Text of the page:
green eggs and ham

I volunteered to make the green eggs part of the green eggs celebration for my son's kindergarten. I thought I was making dyed boiled eggs, it turns out the teacher wants scrambled eggs in a slow cooker to keep warm. Any tips on scrambling two dozen eggs and transporting them so I don't end up with rubber eggs or a soggy weepy mess.

  • Posted by: NYNCtg
  • March 6, 2016


luvcookbooks April 17, 2016
At a Dr. Seuss themed baby shower, I encountered the ultimate Green Eggs. Sugar cookie topped w a white fondant circle topped w half a green gum ball. End of story. Make ahead, portable, and adorable!
NYNCtg March 17, 2016
Thanks to everyone who answered on this. I was going to try making the eggs in the slow cooker but I overslept this morning. So I just cooked the eggs and popped them in. the color was gross but the kids are excited.
NYNCtg March 7, 2016
Good point Amysarah, maybe I am over thinking this.
702551 March 7, 2016
Yeah, you worrying about it too much. You're schlepping green-colored chow to a kindergarten classroom, not cooking at the James Beard House.
luvcookbooks March 6, 2016
If you end up going w room temp, a frittata w a pesto, mascarpone and Parmesan filling is a delicious way to turn eggs green.
NYNCtg March 6, 2016
Thank you everyone for the answers. His teacher her own words "a control freak". I don't think it will go down well if I suggest to change the way it is done. Cooked before hand and brought in a pre-heated crock pot is the way they do it. So I asked her for the recipe that they use and she told me to cook the eggs and put them in the heated pot. Bring to school.
My biggest problem is bringing a hot crock pot in with two kids during drop off.
Again, thanks for the ideas.

Voted the Best Reply!

amysarah March 6, 2016
If it will be a bunch of 5-6 yr old kids eating, I wouldn't worry too much if the eggs are a bit rubbery (many will only eat a bite or two, and at that age actually prefer their scrambled eggs overcooked!) I'm sure green-ness will far outweigh creaminess.
Garlic F. March 8, 2016
My only thing about transporting a hot crockpot is to be careful. I have cracked my crock before when I transported it while hot. If you have a stainless steel insert, this point id moot.
Susan W. March 8, 2016
@gf, how did you manage that? I never transport my slow cookers with food in them, but I'm headed up the mountain this weekend with a full slow cooker. My head won't wrap around cracking the insert. I have one with a metal insert, but I want to use the other one.
ktr March 8, 2016
I have transported mine with hot food in it many times. And my mother in law has transported hers to our house 2 hours away with hot beans in it. She packs it into the box it came in and puts it on the floor of the car surrounded by other things so it can't move. I have one slow cooker with latches on the lid so I try to use that one and then I also just put it on the floor in the backseat. If you wrap it in a blanket that'll help it stay warm too.
amysarah March 6, 2016
Can you ask if it can be an egg prep that can be served room temp, e.g., a simple fritatta, or even Tamagoyaki - Japanese rolled sweet omelet, cut in small slices: My kids loved them when they were little, and they're not that hard to make (special pan not necessary for imperfect, but perfectly tasty and charming ones.) Eaten at room temp and they look cute and intriguing for kids - especially if you add some green food coloring.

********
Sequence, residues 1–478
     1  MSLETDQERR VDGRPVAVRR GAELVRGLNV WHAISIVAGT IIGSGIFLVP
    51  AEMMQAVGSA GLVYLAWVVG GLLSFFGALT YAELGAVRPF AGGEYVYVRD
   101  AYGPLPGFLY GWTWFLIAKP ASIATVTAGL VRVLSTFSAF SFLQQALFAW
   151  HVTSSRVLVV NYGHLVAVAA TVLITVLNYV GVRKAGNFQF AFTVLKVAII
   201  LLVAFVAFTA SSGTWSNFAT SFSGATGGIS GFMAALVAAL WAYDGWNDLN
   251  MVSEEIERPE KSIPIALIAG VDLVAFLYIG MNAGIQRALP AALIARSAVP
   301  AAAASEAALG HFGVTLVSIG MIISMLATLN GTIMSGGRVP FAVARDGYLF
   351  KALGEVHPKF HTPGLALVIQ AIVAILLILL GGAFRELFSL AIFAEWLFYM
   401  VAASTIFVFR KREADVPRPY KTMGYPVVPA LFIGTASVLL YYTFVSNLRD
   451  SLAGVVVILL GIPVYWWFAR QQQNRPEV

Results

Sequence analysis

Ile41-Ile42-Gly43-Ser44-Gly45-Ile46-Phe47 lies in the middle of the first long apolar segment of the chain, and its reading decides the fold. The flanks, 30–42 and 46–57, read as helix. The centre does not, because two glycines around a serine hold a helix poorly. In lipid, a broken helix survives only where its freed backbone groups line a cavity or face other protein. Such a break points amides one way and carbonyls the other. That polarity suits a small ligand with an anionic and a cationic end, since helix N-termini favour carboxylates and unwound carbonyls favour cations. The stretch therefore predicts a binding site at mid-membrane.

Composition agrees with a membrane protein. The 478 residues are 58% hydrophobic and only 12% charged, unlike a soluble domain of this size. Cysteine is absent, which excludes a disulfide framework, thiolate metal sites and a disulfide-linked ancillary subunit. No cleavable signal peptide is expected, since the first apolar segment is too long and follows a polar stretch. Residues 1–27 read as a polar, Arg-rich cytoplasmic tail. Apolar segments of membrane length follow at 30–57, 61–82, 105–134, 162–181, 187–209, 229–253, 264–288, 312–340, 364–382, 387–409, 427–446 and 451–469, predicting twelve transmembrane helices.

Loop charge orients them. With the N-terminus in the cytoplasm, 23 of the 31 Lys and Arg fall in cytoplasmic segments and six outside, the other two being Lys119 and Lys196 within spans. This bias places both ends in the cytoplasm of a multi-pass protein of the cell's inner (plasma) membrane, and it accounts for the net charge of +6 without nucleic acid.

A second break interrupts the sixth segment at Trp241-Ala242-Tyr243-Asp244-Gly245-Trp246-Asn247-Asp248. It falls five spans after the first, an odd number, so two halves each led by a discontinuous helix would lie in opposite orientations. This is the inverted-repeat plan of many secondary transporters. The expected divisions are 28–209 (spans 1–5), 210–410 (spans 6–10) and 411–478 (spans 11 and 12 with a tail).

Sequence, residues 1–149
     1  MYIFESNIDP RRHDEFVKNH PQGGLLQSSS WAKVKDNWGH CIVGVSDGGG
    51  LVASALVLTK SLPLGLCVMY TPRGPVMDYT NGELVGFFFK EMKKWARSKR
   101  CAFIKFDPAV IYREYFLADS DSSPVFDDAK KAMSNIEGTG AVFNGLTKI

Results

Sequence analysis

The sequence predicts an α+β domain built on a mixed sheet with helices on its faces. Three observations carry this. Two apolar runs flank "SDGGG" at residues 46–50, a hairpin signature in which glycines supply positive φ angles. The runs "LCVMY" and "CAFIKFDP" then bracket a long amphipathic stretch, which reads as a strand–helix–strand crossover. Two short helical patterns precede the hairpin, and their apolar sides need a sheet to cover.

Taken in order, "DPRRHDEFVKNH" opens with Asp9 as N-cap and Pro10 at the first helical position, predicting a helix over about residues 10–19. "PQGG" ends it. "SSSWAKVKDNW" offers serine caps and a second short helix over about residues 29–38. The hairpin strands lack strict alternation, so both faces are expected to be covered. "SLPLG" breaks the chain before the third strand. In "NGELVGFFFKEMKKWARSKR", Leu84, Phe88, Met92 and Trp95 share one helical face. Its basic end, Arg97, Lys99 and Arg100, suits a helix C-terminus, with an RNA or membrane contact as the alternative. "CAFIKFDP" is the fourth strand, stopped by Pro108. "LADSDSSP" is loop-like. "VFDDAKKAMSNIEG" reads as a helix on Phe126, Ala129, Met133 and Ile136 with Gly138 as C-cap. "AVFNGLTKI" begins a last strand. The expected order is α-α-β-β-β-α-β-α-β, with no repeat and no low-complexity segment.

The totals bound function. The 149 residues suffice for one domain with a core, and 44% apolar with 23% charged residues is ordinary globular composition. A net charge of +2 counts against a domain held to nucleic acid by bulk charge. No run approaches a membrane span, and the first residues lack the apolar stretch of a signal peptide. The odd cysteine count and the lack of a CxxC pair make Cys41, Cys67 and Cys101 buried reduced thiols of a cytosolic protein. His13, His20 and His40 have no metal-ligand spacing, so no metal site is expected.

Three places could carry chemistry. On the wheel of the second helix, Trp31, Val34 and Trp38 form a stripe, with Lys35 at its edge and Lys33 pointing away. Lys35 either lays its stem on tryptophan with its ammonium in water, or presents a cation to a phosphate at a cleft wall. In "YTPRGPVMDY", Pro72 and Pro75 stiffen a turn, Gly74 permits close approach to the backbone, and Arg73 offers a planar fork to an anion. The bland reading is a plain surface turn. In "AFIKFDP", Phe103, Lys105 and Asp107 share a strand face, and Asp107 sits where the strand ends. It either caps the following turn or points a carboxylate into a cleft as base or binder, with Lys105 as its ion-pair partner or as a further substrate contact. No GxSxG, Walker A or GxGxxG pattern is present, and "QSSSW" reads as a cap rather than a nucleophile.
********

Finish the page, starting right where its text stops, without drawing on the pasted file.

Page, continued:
trampledbygeese March 8, 2016
Greens like spinach added to tamagoyaki - that's brilliant! Keeps well at room temp and also good if heated up again.

Just bento has a really good recipe for that -

But don't tell the kids it's healthy.
Susan W. March 6, 2016
It seems like an unreasonable request from the teacher. She should listen to reason. However, you can successfully scramble eggs in a slow cooker. It takes about an hour and frequent stirring will keep them evenly cooked.
Windischgirl March 6, 2016
My family has a tradition of "plastic bag omlettes"--break an egg or two into a resealable quart-size freezer bag, add in whatever flavorings you like (diced veggies, minced ham, shredded cheese, herbs, etc), purge out excess air, and seal. Then mush the ingredients together until well blended.
Meanwhile, boil a pot of water. Place the bags in, zipper-side up, and boil for about 10 minutes, or until firm. Remove bags with tongs and let cool briefly. Open and turn the omlette out onto a plate.
A crockpot set on high will certainly boil water, but I'm not sure how long it will take. The freezer-weight plastic bags are needed because they can withstand the heat.
You might be able to prep everything in advance, eggs and greens in the bags, drop a crockpot off the night before and get it ready to go first thing. Serve the eggs on a plate rather than from the crockpot.
Windischgirl March 6, 2016
You can search "plastic bag omlettes" or "boil in bag omelettes" for more info. Depending on how far you live from the school, and how much in advance you need to appear, you might be able to cook the omlettes in advance at home on the stove and just leave them in their bags, keeping them hot in a pre-warmed crockpot. I would make it in gallon bags in that case--less playing and less mess.
Cav March 6, 2016
I really don't think you can. Just the idea of keeping scrambled eggs warm has over cooked them. Is there no way to cook them there? I've never scrambled in a slow cooker but I think it's doable. I'd even consider (and practice) using the slow cooker as a water bath and cooking them sous vide:

Or just explain to the teacher that they're wanting you to break the laws of thermo dynamics and that's why the kids are getting boiled eggs.
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